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‘Why did they kill Aldrin, my good son?’

/ 06:55 AM October 06, 2017

Aldrin Jore with mother Amelita during a school event —photo courtesy of the family

Three days after the death of his son, a stinging question still burned in Carlito Jore’s mind: Who would take away his child from him?

Jore was in Ilocos Sur province, working as a carpenter in a government project, when a phone call from his wife broke the terrible news: “Our Aldrin is gone.”

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Within hours, Jore was on a bus rushing back to their small home in Barangay Commonwealth, Quezon City.

Around 5:30 p.m. on Monday, after getting a haircut, 16-year-old Aldrin Jore was walking home on Martan Street when he was shot twice in the head by a lone gunman, who waited for him in front of a small store two blocks from the victim’s residence.

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The boy died on the spot. A stray bullet hit a bystander, Winifreda Mendoza, 43, in the right leg.

Both the police and barangay officials said Aldrin, an excelling Grade 8 student and the president of his class at Commonwealth High School, could not possibly be a target of gunmen who have drug suspects on their hit list.

Almost everyone in his neighborhood was aware of Aldrin’s future plans—including his dream to be a professional makeup artist. In fact, his father said, he had been earning on the side by doing the makeup of the performers in shows or programs held by their barangay.

His family has long accepted Aldrin, the fifth of six children, to be gay.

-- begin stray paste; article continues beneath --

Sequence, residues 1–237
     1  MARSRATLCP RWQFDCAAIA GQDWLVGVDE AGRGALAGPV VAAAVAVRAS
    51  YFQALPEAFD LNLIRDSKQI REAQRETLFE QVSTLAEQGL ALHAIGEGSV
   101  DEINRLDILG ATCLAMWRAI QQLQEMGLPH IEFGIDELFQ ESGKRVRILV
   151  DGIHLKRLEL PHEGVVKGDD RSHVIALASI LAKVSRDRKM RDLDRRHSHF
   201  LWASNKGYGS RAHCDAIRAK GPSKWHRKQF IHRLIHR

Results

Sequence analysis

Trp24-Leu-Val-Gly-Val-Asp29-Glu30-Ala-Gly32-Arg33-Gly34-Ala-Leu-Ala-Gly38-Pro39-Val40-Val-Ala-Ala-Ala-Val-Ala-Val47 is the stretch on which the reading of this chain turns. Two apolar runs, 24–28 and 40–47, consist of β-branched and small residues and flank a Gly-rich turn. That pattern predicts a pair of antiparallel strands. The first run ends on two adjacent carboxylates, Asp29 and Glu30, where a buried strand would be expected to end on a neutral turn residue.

“Now, there’s nothing we can do. They took away his dream,” the elder Jore told the Inquirer on Thursday.

On the day of the attack, the victim’s youngest sibling was walking home from school with his classmates when he heard the gunshots.

“We thought they were just firecrackers,” the young boy said. “But when we saw the body, I ran home. I only knew later that it was my Kuya (elder brother.”

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Senior Insp. Elmer Monsalve, head of the QCPD homicide division, said the police were still investigating the motive behind the killing.
“We are looking whether he had any fights in school,” he said.

There were no closed-circuit television cameras in the area that could have recorded the crime, but the QCPD has since produced a composite sketch of the gunman, who fled the scene on foot.

For Aldrin’s father, the hard questions remained as he steeled himself for his son’s burial on Sunday.

“I fear for my other children; I don’t even let them out of the house at night anymore,” he said, alluding to the recent killings of other youths in other cities, including Kian Loyd delos Santos, 17; Carl Angelo Arnaiz, 19; and Reynaldo de Guzman, 14, in Caloocan.

“But why would they kill those who haven’t done anything wrong?” he asked. “Aldrin was a good son.”

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